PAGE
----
Bladder Problems after Child birth or Surgery
How do I decrease bladder irritation?
Tell your nurse or physician if you experience any bladder irritation such as pain or discomfort when passing urine as they may need to test your urine for a UTI.
The below steps will also help to decrease the irritation:
- Drink lots of fluid,1 to 2 litres per day and up to 3 litres if you are breastfeeding
- Reduce fluids that irritate your bladder (caffeine, fizzy drinks, acidic drinks)
- Use the techniques listed in this leaflet to help you completely empty your bladder
When to seek help?
Speak to your Physician if you continue to have bladder problems for more than 2 weeks after you have been discharged from hospital. If you are unable to empty your bladder or experience any pain then please visit the emergency department.
This leaflet will provide you with information about some of the bladder problems that may happen after having a baby or surgery. These include: Dysuria: pain or discomfort when passing urine
- Bladder retention: difficulty emptying your bladder
- Loss of bladder sensation: difficulty feeling the urge to empty your bladder
- Urinary incontinence: leakage of urine
These problems can be related to the trauma of childbirth, to the anaesthesia you received or to the use of a urinary catheter (plastic tube) which is used to drain urine from your bladder. Bladder problems are also more likely to happen if you have had similar problems before.
In the first few days after childbirth you lose a lot of fluid related to the pregnancy. This can cause the bladder to fill quickly which can put you at risk of overstretching and damaging your bladder if it is not emptied regularly. If you cannot empty your bladder fully, you may also be at risk of developing a urinary tract infection (UTI).
What is normal for my bladder?
- Urinating (emptying your bladder) 4 to 6 times per day and 0 to1 times at night
- Passing 300 to 500ml of urine each time
- A feeling of relief or that you have completely emptied your bladder
- The color of your urine should be pale yellow
Why is the amount of urine in my bladder important?
- If you have more than 600ml of urine in your bladder you are at risk of over stretching your bladder and this makes complete emptying more difficult. The overstretched elastic walls of your bladder will be unable to push strongly enough to pass urine. This may also lead to overflow incontinence where excess urine leaks out of the bladder.
- If you have less than 200ml of urine in your bladder, then the bladder wall does not stretch enough to activate signals to tell you to go to the toilet or to ask the bladder to squeeze and empty the bladder completely.
How do I completely empty my bladder?
You can try these simple tips to help encourage your bladder to empty fully:
- Make sure you have good pain relief medicine. Your bladder doesn’t like to empty if you are experiencing pain
- Always sit on the toilet. Do not hover or squat over the toilet seat. Sitting on the seat allows your pelvic floor muscles to relax and your bladder to work effectively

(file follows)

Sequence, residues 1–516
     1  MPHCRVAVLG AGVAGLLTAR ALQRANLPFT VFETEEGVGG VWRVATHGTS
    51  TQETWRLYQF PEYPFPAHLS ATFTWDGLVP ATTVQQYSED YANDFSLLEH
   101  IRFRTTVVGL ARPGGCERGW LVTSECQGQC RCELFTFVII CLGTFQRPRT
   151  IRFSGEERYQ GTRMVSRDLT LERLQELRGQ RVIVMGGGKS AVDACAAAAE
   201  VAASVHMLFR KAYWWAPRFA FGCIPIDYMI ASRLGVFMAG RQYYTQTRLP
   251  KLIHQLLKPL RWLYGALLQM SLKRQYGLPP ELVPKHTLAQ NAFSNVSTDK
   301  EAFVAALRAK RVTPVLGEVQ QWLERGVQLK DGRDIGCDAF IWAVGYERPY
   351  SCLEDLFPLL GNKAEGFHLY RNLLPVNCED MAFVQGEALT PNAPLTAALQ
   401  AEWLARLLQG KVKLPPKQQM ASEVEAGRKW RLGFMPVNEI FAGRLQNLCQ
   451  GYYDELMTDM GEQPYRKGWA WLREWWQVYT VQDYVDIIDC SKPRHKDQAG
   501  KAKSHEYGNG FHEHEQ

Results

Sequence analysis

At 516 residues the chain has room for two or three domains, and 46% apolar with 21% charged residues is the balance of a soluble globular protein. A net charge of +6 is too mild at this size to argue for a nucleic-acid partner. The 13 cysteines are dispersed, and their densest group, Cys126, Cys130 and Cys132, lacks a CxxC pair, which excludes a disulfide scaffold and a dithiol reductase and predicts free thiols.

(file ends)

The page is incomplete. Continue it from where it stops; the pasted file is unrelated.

What if I can’t empty my bladder (urinary retention)?
If you are having difficulty emptying your bladder or feel like you cannot empty your bladder completely, please tell your nurse or physician as soon as possible. You may need to have a catheter inserted into your bladder to allow your bladder muscle to rest and recover so that it can empty properly when the catheter is removed.
When the catheter is in your bladder, remember to drink fluids regularly. When the catheter is removed, your bladder may feel normal and empty well or there may be decreased sensation. Your physician will discuss this with you.
What if I do not feel the urge to empty my bladder or my urge is decreased?
If you have decreased bladder sensation you should use timed toileting. This means going to the toilet at regular intervals to avoid your bladder becoming overstretched.
- You can start by emptying your bladder every 2 to 3 hours. Make a note of the time so you can keep track of the next time you need to visit the bathroom
- Always urinate into the measuring container provided. An average size should be 300 to 500ml o If you pass less than 300ml then try waiting a little longer between bathroom visits o If you pass more than 500ml then try visiting the bathroom slightly more frequently or reduce your fluid intake if you feel like you are drinking more than 3 liters
- If your bladder sensation has not returned by the time you leave the hospital, continue timed toileting until you can feel your bladder fill and empty completely.
How can I encourage my bladder sensation to return?
- Drink fluids regularly, 2 to 3 liters per day which is roughly the same as one small bottle of water every hour when you are awake
- Go for regular walks to encourage normal bodily processes to occur
What is bladder irritation?
- Bladder irritation occurs when your bladder becomes more sensitive
- This can happen when you do not completely empty your bladder each time and the urine that remains in your bladder can irritate it
- Concentrated urine such as when you are dehydrated or haven’t drunk enough fluids, can irritate your bladder leading to feelings of having to pass urine often or urgently
- Certain fluids can also irritate the bladder for example drinks that contain caffeine (tea, coffee, coke), fizzy drinks including sparkling water and acidic drinks such as orange juice or lemonade
- The use of a urinary catheter can also cause bladder irritation or in some cases it can lead to a urinary tract infection (UTI)